Tab’a is a video installation encompassing five videos projected onto different walls. Depicting a series of images and movements associated with the wedding rituals and traditions of the Jizan area in Saudi Arabia, the videos immerse viewers into a sensory experience as an inquiry into their roots and origins. The word “tab’a,” literally meaning “imprint” is an old term which was used to refer to the ritual of the henna night that takes place one day before the wedding ceremony.
In one projection, we see two girls groomed and dressed in traditional costumes, performing the a traditional dance as they inch toward a point in the screen alluding to the single-point perspective. In another projection, a range of objects traditionally worn by brides and symbolic of love, stability and movement, such as a shoe, a crown and a belt, are shown made entirely of jasmine flowers, and set against a nighttime sky, symbolizing the astrological map. The girls and the objects move slowly, step by step, and suddenly disappear.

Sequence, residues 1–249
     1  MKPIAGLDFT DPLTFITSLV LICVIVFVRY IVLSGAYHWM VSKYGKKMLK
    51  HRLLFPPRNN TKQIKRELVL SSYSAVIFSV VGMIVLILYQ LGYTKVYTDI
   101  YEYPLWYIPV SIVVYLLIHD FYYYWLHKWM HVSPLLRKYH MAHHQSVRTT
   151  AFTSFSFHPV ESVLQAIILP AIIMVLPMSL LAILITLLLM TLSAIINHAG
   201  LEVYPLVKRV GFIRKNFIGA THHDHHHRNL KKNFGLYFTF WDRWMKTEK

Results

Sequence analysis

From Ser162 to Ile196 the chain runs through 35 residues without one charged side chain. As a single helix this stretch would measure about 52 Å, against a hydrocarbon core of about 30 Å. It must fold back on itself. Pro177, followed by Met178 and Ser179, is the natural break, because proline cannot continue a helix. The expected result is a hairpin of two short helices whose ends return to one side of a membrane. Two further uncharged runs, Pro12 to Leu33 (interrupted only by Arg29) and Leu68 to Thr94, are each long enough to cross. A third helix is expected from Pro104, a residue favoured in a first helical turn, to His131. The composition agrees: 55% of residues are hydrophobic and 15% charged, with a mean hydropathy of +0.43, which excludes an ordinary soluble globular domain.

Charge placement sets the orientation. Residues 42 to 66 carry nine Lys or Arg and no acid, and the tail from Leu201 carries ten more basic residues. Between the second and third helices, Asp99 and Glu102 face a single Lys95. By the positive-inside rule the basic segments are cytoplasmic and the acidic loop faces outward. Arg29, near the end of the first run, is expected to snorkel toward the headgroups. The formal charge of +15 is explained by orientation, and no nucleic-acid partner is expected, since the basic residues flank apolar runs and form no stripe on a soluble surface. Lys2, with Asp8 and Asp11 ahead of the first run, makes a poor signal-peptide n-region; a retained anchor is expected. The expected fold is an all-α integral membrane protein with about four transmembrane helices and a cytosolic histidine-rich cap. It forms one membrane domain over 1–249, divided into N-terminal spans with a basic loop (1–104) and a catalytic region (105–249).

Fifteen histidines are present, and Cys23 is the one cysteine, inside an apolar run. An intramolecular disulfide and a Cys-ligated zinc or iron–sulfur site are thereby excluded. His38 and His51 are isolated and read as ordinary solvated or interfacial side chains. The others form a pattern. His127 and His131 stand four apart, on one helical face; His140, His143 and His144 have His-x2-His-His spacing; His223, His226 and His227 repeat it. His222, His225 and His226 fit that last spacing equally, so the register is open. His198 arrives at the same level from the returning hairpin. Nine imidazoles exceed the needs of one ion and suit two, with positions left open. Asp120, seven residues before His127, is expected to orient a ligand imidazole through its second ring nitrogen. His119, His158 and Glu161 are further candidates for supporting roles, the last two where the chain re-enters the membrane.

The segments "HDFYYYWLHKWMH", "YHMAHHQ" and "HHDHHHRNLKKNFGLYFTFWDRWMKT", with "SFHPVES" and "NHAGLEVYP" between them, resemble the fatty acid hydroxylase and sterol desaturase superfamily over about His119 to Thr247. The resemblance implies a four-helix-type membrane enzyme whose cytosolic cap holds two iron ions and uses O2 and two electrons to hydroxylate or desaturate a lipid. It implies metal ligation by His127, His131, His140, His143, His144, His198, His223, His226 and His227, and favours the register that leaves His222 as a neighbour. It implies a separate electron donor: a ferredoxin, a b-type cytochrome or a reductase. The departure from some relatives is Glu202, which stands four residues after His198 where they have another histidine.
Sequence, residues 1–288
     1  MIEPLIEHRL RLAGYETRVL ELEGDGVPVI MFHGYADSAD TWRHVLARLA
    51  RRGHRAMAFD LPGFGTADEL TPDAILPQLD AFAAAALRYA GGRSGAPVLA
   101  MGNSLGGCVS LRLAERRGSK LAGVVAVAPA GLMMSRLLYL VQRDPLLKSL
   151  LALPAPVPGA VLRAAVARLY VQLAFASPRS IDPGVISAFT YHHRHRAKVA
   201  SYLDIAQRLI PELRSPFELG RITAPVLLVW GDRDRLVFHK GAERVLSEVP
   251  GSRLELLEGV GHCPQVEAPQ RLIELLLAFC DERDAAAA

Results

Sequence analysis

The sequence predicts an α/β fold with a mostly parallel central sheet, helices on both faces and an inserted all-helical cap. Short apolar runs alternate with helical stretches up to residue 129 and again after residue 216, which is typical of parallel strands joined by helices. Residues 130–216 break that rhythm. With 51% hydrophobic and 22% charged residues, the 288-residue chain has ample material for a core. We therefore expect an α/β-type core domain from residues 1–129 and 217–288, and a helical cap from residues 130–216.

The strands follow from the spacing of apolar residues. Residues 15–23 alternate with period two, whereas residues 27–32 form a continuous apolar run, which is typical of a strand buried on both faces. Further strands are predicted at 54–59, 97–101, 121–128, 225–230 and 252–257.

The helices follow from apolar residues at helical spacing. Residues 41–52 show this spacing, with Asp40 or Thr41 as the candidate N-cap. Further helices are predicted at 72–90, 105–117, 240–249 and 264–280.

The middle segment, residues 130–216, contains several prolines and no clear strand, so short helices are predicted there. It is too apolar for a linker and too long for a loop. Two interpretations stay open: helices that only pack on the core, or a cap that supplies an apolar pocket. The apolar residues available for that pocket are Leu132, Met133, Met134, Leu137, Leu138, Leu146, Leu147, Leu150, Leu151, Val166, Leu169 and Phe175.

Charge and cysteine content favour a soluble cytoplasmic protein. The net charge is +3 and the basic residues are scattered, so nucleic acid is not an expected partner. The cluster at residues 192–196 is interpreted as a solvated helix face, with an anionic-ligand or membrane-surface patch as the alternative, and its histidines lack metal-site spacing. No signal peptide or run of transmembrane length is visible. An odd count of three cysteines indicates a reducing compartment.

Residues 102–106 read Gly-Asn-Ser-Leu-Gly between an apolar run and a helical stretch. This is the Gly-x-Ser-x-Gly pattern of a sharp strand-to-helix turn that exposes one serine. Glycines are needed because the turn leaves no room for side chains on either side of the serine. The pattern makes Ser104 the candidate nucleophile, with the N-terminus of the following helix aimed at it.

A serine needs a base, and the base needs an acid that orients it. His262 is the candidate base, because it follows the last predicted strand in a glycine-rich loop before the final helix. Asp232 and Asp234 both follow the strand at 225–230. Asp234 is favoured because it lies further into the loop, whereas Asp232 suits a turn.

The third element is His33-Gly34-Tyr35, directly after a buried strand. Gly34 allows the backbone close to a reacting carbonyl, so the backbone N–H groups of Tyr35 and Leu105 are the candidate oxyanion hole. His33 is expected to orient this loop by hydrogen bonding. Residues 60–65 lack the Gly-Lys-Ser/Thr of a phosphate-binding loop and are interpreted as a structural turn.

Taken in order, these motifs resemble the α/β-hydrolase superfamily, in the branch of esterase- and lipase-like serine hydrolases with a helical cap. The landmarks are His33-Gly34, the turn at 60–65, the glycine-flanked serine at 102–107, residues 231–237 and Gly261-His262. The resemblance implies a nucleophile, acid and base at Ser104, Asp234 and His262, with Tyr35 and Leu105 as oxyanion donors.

Every aspect of Tub’a refers to rituals, traditions and customs whose origins are embedded in surprising roots. Through her research on the subject, Al Nasser discovered a strong resemblance in concepts of love and wedding traditions between the Jizan area, Indian culture and even ‘Ishtar, the Mesopotamian goddess of love and war. Delving into the significance and unlikely origins of these symbols, she ponders the key role played by time and its passing. Ultimately, she asks, how is the notion of a conditional arrival to point in a given amount of time a primary aspect in the birth and development of the Tab’a rituals, as well as the obscurity around its origins?
Reem Al Naser’s project began as an exploration of society’s customs and rituals, their intransigence and their adaptation to the change that affects their communities.
In this installation, AlNasser recreates the ornaments a bride from the south of Saudi Arabia (Jizan) is adorned with the day of her marriage. These flower adornments are made from the Arabian Jasmine, primarily weaved and designed by Yemenis. In recent times, these arrangements came to be called Full Rassass (Jasmine bullet).
The artist is commenting on the concept of glorification. Like these jasmine buds plucked early, fading and withering before they are given a chance to blossom, so is the fate of many young women. Escaping the yoke of a strict and severe upbringing, many find themselves caught in a transfer of authority from the parents to the husband.
The juxtaposition of Full and Rassass is one of dark reality: life and death, celebration and mourning, glorification and vilification. These are themes of existence; however, the issue arises when one aspect predominates alternative realities.